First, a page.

A multi-faceted approach to determining the efficacy of metal and metal oxide nanoparticles against bacterial biofilms Tejpal, Jyoti; Cross, R. B. M.; Owen, Lucy; Paul, Shashi; Jenkins, R. O.; Armitage, David; Laird, Katie Antibacterial efficacy of nanoscale silver, copper (II) oxide and zinc oxide were assessed against Pseudomonas aeruginosa and Staphylococcus aureus biofilms in solution and on surfaces. Using a Center for Disease Control biofilm reactor, minimum biofilm reduction concentrations, the coefficient of determination (R2) and log(10) reductions were determined. Atomic absorption spectroscopy, scanning electron microscopy and confocal laser scanning microscopy were used to assess the disruption of the biofilms. The efficacy of thin films of zinc oxide and silver deposited via magnetron sputtering and thermal evaporation respectively was also assessed. Minimum biofilm reduction concentrations of zinc oxide or silver nanoparticles were 256 or 50 µg/ml for P. aeruginosa and 16 or50 µg/ml for S. aureus respectively. When tested in combination the nanoparticles concentrations were at least halved resulting in significant (p ≤0.05) biofilm reductions of 3.77 log(10) - 3.91 log(10). Biofilm growth on thin films resulted in reductions of up to 1.82 log(10). The results suggest that nanoparticle suspensions and thin films of zinc oxide and may have potential as antimicrobial treatments for hard to eliminate biofilms in a clinical environment.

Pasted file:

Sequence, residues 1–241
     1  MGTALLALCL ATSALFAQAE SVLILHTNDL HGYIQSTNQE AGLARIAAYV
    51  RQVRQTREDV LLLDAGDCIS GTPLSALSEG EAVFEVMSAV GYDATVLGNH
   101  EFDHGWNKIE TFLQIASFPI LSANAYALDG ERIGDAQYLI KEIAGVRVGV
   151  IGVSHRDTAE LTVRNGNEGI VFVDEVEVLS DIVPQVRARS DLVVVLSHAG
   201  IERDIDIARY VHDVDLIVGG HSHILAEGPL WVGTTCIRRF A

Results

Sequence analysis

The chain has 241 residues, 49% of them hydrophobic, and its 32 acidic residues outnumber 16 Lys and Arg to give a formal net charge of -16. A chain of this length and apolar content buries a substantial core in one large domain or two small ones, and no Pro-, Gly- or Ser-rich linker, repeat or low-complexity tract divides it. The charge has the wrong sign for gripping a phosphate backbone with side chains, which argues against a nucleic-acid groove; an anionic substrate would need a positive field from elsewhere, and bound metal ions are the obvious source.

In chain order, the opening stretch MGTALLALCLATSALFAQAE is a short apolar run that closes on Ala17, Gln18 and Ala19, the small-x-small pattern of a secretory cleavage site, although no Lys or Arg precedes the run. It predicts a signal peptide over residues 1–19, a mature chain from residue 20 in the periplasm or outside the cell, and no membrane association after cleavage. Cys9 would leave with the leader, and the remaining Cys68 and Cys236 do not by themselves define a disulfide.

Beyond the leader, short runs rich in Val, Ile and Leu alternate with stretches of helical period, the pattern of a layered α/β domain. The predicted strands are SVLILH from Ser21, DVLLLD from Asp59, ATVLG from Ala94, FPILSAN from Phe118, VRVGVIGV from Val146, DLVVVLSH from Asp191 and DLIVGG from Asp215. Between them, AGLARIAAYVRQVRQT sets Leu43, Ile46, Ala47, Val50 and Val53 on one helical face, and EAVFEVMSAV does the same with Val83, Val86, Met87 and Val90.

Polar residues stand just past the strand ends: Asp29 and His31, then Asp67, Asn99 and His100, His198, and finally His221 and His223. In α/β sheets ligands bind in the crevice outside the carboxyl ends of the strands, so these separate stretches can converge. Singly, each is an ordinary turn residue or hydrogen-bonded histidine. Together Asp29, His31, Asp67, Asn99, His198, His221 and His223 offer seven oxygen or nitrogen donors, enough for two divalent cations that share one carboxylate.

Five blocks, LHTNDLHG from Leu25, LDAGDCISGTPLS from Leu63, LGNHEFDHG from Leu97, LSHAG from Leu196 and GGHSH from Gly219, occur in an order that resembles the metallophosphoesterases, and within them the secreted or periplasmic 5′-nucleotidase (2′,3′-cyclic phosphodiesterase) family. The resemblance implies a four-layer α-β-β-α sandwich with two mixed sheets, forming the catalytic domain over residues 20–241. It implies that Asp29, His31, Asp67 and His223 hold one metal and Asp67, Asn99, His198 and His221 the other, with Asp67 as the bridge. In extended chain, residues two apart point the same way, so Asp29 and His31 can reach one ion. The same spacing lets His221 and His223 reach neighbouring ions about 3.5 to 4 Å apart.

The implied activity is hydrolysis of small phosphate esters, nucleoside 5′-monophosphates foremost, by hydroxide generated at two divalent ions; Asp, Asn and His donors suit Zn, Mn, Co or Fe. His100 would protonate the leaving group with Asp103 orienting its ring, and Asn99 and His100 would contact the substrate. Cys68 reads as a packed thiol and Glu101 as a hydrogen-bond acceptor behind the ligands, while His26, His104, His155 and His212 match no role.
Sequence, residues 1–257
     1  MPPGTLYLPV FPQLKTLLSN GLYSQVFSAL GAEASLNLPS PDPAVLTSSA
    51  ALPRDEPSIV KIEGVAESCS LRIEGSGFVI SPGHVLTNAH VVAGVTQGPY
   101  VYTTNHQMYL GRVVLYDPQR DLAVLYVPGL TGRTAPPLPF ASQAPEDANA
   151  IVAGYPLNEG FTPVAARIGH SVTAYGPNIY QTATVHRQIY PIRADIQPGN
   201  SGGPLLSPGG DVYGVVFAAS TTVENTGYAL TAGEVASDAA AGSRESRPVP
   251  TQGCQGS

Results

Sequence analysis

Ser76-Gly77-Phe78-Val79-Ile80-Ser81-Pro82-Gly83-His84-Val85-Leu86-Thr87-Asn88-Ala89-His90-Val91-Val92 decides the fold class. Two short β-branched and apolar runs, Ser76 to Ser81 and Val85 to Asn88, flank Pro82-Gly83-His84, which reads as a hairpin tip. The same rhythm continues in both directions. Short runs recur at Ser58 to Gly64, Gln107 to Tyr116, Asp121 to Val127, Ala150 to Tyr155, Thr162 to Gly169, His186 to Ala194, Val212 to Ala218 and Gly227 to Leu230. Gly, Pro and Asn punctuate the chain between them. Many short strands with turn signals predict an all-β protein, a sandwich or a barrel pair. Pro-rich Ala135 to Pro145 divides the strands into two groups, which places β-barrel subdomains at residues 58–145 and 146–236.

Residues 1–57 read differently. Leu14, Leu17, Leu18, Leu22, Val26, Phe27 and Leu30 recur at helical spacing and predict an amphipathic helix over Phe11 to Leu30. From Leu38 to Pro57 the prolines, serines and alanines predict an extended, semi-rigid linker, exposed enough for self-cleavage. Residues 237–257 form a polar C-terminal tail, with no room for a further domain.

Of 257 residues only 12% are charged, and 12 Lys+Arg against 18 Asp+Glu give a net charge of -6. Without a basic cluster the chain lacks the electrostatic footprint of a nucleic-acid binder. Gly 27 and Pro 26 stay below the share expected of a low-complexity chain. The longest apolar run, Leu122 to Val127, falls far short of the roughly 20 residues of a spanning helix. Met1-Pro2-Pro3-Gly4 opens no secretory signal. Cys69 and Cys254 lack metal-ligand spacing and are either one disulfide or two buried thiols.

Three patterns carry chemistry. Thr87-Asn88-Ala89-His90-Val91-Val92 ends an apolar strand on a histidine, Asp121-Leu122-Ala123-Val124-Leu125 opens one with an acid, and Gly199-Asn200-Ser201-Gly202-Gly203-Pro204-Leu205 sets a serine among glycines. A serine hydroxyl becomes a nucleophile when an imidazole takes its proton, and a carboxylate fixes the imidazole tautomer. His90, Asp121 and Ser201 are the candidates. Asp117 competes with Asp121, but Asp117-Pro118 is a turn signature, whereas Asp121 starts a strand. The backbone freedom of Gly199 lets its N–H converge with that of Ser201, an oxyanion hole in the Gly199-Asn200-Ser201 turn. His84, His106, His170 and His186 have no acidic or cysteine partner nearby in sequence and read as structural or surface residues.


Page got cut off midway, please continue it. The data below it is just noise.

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Richard Jenkins